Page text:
Let’s be honest. We’re really not prepared for much today. Emergency Preparedness is low on peoples agendas. Clearly, this is a mistake.
Hurricane Harvey And Emergency Preparedness
Hurricane Harvey was a Category 4 storm that hit Texas on August 25, 2017. It caused $180 billion in damage. As the rain unfolded, the intensity and scope of the disaster were so enormous that weather forecasters, first responders, the victims, everyone really, couldn’t believe their eyes.
We’re all – Governments, organisations and people – very poor it seems at predicting and being prepared for events outside of the normal. The outliers that, while very uncommon, nether the less have catastrophic consequences.
Harvey was a 1-in-1,000-year flood event that overwhelmed an enormous section of Southeast Texas equivalent in size to New Jersey. Harvey made landfall three separate times in six days. At its peak on September 1, 2017, one-third of Houston was underwater. Two feet of rain fell in the first 24 hours. Flooding forced 39,000 people out of their homes and into shelters. Flooding and rain topped almost 50 inches in some areas — more than Houston receives in a year. There were 300,000 people without power. Tens of thousands of homes were either damaged or destroyed.
What is it about the human condition that makes us disregard the unlikely events, all the while deep down knowing that they could happen. Is it perpetual hope, disinterest or simply foolishness?
The number of Americans filing for unemployment benefits jumped to a more than two-year high and claims could stay elevated for the next few weeks. Gasoline costs edged up following the most destructive storm since Hurricane Sandy in 2012 — and analysts said prices at the pump are likely to rise. Thousands of people in Southeast Texas still don’t have safe drinking water, including in Beaumont, a city of 118,000 to the east of Houston. Harvey is expected to have a considerable economic impact. The Houston metro area is the nation’s fourth-largest city with 6.6 million residents. “We expect the effects of Harvey to be substantial and lasting,” UBS economists have stated.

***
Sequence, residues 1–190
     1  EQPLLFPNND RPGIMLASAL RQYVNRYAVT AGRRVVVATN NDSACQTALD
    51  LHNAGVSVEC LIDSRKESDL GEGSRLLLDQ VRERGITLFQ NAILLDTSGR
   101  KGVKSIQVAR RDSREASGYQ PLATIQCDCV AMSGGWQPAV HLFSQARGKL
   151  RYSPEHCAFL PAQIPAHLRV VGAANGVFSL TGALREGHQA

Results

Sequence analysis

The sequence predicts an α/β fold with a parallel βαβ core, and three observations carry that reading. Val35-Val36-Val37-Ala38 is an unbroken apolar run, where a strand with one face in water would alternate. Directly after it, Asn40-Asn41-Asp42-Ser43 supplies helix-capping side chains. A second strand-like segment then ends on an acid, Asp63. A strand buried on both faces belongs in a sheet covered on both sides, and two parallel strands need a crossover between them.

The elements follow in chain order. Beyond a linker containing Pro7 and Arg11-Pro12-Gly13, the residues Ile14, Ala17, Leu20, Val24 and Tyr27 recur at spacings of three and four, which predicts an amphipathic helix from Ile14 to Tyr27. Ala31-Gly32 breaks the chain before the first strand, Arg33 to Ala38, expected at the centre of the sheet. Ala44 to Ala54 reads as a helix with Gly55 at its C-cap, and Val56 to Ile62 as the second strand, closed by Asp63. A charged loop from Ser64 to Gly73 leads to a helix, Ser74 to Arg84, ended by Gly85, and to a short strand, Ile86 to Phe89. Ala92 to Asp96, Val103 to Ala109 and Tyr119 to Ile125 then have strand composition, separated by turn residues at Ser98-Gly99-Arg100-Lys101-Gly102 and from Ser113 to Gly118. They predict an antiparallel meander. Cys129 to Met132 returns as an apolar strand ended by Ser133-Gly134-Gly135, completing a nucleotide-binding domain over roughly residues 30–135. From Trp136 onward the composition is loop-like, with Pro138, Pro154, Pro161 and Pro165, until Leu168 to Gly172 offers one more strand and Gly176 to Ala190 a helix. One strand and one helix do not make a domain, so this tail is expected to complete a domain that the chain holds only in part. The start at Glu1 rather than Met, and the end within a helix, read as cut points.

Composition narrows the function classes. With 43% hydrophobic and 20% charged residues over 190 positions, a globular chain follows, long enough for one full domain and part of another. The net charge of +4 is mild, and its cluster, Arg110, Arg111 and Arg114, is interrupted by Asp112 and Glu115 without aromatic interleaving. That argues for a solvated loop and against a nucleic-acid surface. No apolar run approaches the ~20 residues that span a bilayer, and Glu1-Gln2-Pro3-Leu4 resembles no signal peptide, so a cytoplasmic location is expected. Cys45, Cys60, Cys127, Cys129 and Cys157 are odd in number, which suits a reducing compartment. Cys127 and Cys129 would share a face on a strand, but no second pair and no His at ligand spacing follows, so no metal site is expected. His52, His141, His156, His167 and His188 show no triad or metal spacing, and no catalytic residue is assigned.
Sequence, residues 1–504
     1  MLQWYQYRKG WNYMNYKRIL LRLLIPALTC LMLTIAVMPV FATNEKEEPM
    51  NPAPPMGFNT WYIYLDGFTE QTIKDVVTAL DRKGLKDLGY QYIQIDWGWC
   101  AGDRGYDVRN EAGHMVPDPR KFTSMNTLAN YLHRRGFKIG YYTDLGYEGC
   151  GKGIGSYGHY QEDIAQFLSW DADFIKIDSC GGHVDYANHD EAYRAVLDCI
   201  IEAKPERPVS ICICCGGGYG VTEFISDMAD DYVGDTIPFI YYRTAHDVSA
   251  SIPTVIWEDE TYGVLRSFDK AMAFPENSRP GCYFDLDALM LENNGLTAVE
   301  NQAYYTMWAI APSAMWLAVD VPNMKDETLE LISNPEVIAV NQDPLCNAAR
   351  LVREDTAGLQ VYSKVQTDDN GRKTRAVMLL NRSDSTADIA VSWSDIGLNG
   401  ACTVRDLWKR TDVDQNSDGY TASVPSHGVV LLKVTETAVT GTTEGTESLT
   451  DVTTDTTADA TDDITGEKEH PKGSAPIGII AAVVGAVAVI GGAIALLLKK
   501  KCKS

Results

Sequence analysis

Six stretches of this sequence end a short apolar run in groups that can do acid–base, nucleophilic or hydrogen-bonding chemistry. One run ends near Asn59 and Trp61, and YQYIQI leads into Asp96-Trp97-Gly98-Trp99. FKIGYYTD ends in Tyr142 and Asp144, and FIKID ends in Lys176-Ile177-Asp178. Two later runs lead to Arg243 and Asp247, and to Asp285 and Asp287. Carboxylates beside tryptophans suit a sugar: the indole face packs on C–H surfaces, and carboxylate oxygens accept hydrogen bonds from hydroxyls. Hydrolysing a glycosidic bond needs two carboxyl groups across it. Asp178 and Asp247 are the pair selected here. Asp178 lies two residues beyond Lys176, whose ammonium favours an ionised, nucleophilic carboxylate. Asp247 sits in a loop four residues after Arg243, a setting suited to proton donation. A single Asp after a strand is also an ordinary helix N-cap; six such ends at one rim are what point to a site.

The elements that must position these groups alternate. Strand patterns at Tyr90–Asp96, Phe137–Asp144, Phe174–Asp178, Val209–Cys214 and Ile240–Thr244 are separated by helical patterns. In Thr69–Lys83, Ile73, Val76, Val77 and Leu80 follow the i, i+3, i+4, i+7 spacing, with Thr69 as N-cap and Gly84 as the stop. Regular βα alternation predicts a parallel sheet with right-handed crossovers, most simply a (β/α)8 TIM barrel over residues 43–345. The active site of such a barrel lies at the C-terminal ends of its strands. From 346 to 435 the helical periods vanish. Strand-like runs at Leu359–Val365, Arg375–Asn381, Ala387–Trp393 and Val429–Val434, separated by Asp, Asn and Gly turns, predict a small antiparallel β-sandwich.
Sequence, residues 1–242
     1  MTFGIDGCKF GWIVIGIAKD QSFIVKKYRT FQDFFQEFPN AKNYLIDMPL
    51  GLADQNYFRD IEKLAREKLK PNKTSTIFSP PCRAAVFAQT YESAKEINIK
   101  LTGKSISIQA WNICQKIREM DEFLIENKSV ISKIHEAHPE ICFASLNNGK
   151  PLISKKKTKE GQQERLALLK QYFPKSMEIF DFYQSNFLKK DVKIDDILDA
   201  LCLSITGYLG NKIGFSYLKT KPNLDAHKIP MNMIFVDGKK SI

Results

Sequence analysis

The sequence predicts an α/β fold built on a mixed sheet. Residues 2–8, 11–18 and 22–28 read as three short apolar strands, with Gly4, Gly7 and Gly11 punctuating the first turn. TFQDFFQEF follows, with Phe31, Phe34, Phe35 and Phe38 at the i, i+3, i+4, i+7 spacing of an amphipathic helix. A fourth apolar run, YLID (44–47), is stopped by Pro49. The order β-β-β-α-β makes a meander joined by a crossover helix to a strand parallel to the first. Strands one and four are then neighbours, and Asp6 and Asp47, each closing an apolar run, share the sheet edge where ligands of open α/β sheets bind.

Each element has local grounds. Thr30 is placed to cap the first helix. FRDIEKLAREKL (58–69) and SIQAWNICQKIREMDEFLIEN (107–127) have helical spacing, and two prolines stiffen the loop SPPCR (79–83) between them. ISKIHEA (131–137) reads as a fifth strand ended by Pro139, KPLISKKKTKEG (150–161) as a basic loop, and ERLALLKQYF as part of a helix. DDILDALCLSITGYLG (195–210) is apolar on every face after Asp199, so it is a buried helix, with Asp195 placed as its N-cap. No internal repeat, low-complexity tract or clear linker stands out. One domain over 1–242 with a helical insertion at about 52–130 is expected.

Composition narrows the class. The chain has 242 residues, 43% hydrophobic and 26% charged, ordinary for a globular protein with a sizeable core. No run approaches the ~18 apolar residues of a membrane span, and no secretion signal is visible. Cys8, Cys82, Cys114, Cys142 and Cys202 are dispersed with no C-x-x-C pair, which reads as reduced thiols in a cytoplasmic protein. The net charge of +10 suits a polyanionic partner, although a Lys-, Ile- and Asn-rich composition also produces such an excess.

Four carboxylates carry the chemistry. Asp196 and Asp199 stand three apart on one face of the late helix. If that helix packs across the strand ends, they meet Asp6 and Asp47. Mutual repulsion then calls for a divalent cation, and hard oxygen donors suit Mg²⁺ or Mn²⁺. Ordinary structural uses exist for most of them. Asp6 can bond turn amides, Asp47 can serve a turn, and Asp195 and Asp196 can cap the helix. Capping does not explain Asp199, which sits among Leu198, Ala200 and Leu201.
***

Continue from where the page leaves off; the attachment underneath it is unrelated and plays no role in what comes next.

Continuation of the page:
We don’t blame the people of America currently going through this event and our hearts go out to them. Most of this country and Europe is equally unprepared for upcoming disasters that are becoming all the more frequent.
Hurricane Irma And Emergency Preparedness
Now hurricane Irma has ripped through the Caribbean, leaving flattened landscapes, flash floods and loss of life. Barbuda was the first island to feel the force of the hurricane laying waste to 90% of the buildings and 50% of the population homeless. “The biggest problem in Barbuda now is the fact that you have so many dead animals in the water and so on, that there is a threat of disease,” said the island’s foreign affairs minister, Charles Fernandez. Critical facilities including roads and communications systems were ravaged, with the recovery effort set to take months or years.
In Anguilla “police stations, hospitals, school facilities, three or four emergency shelters, a home for the infirm and the aged, as well as the fire station” along with many homes, had been damaged or destroyed according to the executive director of the Caribbean disaster and emergency management agency. The French part of St Martin was “95% destroyed”, according to Daniel Gibb, a local official, who called it “an enormous catastrophe”. The Virgin Islands experienced extensive damage to buildings and of land entirely stripped of vegetation. Governor, Gus Jaspert, declared a state of emergency.